But Angela Lansbury (Harlow, 1965), a hoot as the wife who turns rejection into triumph, steals the show. Throw in Arthur Hill (Moment to Moment, 1966), Nigel Davenport (Sands of the Kalahari, 1965), for once neither smug nor snippy, Alexander Knox (Khartoum, 1966), veterans Constance Cummings (The Criminal Code, 1930) and Valerie Taylor (Went the Day Well, 1942), John Le Mesurier (The Liquidator, 1965) and Alec McCowan (Frenzy, 1972) and you have a movie where hardly a moment goes by without admiring a performance.

Robert Stevens (I Thank a Fool, 1962) directed from a screenplay by Meade Roberts (Danger Route, 1967) based on the novel by Susan Ertz.

Sands of the Kalahari (1965) ****

You know the score: plane crashes in inhospitable territory (in this case a desert), personalities clash as food/water is rationed, tempers run high and/or depression sets in as attempts to attract attention fail, someone goes for help, someone else has an ingenious idea and eventually everyone rallies round in common cause. That template worked fine in The Flight of the Phoenix (1965).

It doesn’t here. This is not quite as inhospitable. There is water. Caves offer shelter from the blazing sun. There is food – lizards trapped, game hunted with telescopic rifle. But the food is lean, not fattened through farming for human consumption.  And you have to watch out for marauding baboons not to mention scorpions. And this group is split, two alpha males intent on exerting dominance with little interest in common cause.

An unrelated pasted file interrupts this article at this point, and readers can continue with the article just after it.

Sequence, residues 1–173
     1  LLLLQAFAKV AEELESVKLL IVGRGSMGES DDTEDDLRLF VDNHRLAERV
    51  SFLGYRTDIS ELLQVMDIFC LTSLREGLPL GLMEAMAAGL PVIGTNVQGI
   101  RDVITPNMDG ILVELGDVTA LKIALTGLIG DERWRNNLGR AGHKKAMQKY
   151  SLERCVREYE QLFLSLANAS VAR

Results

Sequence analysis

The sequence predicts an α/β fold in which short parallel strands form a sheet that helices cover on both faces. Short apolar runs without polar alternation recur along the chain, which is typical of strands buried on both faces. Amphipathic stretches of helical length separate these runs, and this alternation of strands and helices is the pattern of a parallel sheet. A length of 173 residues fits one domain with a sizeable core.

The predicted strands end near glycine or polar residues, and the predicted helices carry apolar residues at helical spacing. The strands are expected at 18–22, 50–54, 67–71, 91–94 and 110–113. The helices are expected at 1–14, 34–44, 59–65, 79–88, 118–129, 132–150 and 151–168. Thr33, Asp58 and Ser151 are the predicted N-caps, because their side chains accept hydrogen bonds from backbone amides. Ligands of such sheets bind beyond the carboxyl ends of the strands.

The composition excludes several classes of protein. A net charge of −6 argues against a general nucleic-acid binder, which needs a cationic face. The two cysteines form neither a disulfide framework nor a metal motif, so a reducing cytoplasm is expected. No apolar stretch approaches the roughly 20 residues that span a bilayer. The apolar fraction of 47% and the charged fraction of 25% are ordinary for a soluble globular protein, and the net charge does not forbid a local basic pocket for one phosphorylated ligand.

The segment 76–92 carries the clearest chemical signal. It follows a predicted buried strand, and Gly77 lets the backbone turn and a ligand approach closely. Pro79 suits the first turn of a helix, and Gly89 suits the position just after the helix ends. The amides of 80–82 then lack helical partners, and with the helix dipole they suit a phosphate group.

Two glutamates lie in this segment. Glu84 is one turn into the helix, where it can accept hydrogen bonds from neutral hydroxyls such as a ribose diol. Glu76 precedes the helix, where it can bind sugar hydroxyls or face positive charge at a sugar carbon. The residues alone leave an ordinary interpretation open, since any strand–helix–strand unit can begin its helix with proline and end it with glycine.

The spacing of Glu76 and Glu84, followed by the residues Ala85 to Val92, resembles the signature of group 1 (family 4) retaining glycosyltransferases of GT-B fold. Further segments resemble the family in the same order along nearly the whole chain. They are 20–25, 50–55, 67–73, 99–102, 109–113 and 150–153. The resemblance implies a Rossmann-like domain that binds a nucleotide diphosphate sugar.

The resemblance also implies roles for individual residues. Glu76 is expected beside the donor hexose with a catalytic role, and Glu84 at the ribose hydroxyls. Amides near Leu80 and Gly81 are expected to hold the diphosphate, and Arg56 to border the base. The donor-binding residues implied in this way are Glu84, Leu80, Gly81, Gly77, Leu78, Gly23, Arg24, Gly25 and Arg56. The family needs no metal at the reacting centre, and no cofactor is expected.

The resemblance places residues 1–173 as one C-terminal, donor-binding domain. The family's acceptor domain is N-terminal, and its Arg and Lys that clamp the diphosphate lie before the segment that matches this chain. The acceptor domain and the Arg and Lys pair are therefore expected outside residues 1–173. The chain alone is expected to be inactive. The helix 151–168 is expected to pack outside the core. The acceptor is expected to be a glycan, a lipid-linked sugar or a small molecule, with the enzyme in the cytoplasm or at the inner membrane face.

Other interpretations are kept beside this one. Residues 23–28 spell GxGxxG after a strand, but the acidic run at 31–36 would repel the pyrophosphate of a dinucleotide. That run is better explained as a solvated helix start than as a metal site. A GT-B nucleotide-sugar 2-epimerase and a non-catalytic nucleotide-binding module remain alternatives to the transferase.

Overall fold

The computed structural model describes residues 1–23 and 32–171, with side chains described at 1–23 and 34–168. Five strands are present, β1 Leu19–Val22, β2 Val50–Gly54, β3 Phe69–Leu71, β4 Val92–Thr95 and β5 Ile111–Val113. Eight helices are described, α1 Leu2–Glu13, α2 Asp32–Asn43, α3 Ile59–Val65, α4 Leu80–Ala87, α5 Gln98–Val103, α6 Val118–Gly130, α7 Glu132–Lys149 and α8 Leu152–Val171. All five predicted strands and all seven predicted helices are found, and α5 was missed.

Producer Joseph E. Levine came up with the poster
without close examination of the picture’s content.

Of the six survivors of this crash, Sturdevan (Nigel Davenport) decides his leadership status entitles him to sole claim over the only woman, Grace (Susannah York). But when he accepts the genuine responsibilities of leadership, he sets off across the desert to get help. That leaves Grace to fall into the hands of O’Brien (Stuart Whitman), so alpha he could be auditioning for Tarzan, shirt off all the time.

It soon transpires O’Brien has a rather unusual idea of survival – getting rid of his companions so that he will have no shortage of food until rescue arrives. It takes a while for the others to catch on to his plan. And then rather than common cause and camaraderie, it becomes every man/woman for himself, a battle for individual survival, a return to the primeval.

The most likely challenger to O’Brien’s authority is Bain (Stanley Baker), but he has been badly injured in the crash and no match for the other man’s brawn or his weapon. So it becomes a game of cat and mouse. Except it’s in the desert, it’s the law of the jungle and the rule of autocracy brought home with sudden force to people accustomed to the comforts of civilization and democracy.